[0061] Condensed hydrocarbons from the first chill down train, also referred to as first chill down liquid, is pumped from the first chill down separator by one or more liquid dehydrator feed pumps. In certain implementations, the liquid can have enough available pressure to be passed downstream with a valve instead of using a pump to pressurize the liquid. First chill down liquid travels through a de-methanizer feed coalescer to remove any free water entrained in the first chill down liquid to avoid damage to downstream equipment, for example, a liquid dehydrator. Removed water can flow to storage, such as a condensate surge drum. Remaining first chill down liquid can be sent to one or more liquid dehydrators, for example, a pair of liquid dehydrators, in order further remove water and any hydrates that may be present in the liquid.

[0062] Hydrates are crystalline substances formed by associated molecules of hydrogen and water, having a crystalline structure. Accumulation of hydrates in a gas pipeline can choke (and in some cases, completely block) piping and cause damage to the system. Dehydration aims for the depression of the dew point of water to less than the minimum temperature that can be expected in the gas pipeline. Gas dehydration can be categorized as absorption (dehydration by liquid media) and adsorption (dehydration by solid media). Glycol dehydration is a liquid-based desiccant system for the removal of water from natural gas and NGLs. In cases where large gas volumes are transported, glycol dehydration can be an efficient and economical way to prevent hydrate formation in the gas pipeline.

[0063] Drying in the liquid dehydrators can include passing the liquid through, for example, a bed of activated alumina oxide or bauxite with 50% to 60% aluminum oxide (AI2O3) content. In some implementations, the absorption capacity of the bauxite is 4.0% to 6.5% of its own mass. Utilizing bauxite can reduce the dew point of water in the dehydrated gas down to approximately -65°C. Some advantages of bauxite in gas dehydration are small space requirements, simple design, low installation costs, and simple sorbent regeneration. Alumina has a strong affinity for water at the conditions of the first chill down liquid.

[0064] Liquid sorbents can be used to dehydrate gas. Desirable qualities of suitable liquid sorbents include high solubility in water, economic viability, and resistance to corrosion. If the sorbent is regenerated, it is desirable for the sorbent to be regenerated easily and for the sorbent to have low viscosity. A few examples of suitable sorbents include diethylene glycol (DEG), triethylene glycol (TEG), and ethylene glycol (MEG). Glycol dehydration can be categorized as absorption or injection schemes. With glycol dehydration in absorption schemes, the glycol concentration can be, for example, approximately 96% to 99% with small losses of glycol. The economic efficiency of glycol dehydration in absorption schemes depends heavily on sorbent losses. In order to reduce sorbent loss, a desired temperature of the desorber (that is, dehydrator) can be strictly maintained to separate water from the gas. Additives can be utilized to prevent potential foaming across the gas-absorbent contact area. With glycol dehydration in injection schemes, the dew point of water can be decreased as the gas is cooled. In such cases, the gas is dehydrated, and condensate also drops out of the cooled gas. Utilization of liquid sorbents for dehydration allows for continuous operation (in contrast to batch or semi-batch operation) and can result in reduced capital and operating costs in comparison to solid sorbents, reduced pressure differentials across the dehydration system in comparison to solid sorbents, and avoidance of the potential poisoning that can occur with solid sorbents.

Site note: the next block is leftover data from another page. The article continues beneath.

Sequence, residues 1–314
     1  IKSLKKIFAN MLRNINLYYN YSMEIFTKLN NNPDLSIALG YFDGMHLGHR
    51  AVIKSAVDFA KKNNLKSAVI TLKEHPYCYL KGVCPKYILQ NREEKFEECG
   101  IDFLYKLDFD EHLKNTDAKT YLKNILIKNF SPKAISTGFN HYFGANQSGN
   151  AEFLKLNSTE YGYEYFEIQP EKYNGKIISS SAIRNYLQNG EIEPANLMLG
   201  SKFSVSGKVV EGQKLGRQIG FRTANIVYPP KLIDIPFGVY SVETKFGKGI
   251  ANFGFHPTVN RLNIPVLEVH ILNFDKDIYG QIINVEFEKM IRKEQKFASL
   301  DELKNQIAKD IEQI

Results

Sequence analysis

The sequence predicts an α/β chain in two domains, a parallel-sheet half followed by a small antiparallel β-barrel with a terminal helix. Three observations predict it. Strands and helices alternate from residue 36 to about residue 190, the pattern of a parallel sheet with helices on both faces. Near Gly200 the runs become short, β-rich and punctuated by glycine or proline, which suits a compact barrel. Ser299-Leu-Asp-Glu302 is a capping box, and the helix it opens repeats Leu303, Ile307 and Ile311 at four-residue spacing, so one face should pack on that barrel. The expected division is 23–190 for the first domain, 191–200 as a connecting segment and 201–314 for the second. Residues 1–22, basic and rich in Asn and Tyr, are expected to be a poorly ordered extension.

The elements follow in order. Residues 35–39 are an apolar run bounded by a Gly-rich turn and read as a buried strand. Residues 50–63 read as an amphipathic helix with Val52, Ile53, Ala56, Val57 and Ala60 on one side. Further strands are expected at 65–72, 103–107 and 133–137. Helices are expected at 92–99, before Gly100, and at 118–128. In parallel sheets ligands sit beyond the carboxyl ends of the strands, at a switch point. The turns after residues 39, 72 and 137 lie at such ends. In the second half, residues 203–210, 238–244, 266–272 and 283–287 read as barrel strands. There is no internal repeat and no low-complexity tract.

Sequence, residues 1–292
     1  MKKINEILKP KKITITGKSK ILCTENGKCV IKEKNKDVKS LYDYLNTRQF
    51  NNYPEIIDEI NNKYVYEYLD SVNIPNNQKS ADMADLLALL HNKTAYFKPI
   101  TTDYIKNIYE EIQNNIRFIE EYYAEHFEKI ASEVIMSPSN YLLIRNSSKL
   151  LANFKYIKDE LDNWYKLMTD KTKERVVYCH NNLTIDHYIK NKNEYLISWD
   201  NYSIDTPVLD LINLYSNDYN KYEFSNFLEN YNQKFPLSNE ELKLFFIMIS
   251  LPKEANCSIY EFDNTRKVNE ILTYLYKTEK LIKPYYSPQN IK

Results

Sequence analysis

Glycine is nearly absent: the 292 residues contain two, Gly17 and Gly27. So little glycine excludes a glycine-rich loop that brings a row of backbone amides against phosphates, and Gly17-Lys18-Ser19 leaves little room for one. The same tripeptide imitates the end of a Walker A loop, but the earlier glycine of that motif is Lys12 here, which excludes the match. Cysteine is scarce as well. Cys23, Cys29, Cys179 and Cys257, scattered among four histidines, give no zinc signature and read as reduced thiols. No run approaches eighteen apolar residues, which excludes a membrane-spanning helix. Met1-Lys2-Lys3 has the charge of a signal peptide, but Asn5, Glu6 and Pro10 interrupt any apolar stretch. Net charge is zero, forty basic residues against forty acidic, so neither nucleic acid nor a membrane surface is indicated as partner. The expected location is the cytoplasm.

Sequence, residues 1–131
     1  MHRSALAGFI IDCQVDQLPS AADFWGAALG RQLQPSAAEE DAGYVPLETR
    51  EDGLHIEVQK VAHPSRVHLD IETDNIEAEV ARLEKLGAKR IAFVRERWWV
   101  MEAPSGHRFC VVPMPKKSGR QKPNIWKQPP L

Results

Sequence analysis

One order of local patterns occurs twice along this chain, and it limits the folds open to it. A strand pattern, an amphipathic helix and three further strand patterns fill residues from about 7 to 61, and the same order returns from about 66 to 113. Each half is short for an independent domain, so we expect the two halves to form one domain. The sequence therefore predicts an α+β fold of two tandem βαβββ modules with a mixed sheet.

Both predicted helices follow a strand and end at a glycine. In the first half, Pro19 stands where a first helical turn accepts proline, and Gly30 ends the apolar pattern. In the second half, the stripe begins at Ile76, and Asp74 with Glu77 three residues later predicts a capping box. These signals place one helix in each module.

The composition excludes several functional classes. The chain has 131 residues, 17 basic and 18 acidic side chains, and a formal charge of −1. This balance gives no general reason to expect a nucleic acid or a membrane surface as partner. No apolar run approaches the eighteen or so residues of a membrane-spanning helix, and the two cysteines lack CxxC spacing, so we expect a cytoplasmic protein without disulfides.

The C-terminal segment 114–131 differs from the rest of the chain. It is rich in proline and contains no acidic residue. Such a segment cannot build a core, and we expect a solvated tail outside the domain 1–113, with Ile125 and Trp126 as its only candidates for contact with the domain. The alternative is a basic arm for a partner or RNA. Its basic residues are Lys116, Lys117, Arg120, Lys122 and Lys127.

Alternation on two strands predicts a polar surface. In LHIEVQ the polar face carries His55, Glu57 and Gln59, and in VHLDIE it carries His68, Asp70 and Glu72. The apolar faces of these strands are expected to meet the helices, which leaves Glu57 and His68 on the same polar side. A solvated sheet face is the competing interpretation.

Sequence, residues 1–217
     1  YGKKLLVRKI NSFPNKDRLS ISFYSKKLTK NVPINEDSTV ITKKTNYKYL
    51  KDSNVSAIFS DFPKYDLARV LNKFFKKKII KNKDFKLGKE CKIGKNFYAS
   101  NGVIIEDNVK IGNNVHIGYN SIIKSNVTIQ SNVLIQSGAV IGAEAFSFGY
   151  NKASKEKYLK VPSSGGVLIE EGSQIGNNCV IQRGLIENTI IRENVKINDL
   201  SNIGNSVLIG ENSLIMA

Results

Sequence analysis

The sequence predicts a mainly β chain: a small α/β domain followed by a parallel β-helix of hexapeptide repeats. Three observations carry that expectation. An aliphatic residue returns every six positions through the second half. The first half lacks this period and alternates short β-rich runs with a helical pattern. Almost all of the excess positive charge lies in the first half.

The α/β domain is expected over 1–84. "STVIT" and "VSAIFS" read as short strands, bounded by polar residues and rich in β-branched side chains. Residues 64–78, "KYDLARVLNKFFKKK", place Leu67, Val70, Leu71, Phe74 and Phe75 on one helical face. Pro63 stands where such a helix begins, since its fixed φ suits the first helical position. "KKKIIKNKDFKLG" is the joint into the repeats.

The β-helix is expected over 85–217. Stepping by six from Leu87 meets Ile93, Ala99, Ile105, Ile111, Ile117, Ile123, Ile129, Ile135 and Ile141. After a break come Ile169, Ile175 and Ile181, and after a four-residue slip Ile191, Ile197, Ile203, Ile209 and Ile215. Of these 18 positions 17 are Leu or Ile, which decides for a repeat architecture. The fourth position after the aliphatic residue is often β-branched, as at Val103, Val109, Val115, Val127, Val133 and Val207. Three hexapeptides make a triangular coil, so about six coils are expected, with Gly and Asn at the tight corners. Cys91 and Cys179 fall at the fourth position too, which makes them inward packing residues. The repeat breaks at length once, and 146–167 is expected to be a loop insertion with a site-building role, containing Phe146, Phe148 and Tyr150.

[0065] A hygroscopic ionic liquid (such as methanesulfonate, CELChS ) can be utilized for gas dehydration. Some ionic liquids can be regenerated with air, and in some cases, the drying capacity of gas utilizing an ionic liquid system can be more than double the capacity of a glycol dehydration system.

[0066] Two liquid dehydrators can be installed in parallel: one liquid dehydrator in operation and the other in regeneration of alumina. Once the alumina in one liquid dehydrator is saturated, the liquid dehydrator can be taken off-line and regenerated while the liquid passes through the other liquid dehydrator. Dehydrated first chill down liquid exits the liquid dehydrators and is sent to the de-methanizer. In certain implementations, the first chill down liquid can be sent directly to the de methanizer from the first chill down separator. Dehydrated first chill down liquid can also pass through the cold box to be cooled further before entering the de-methanizer.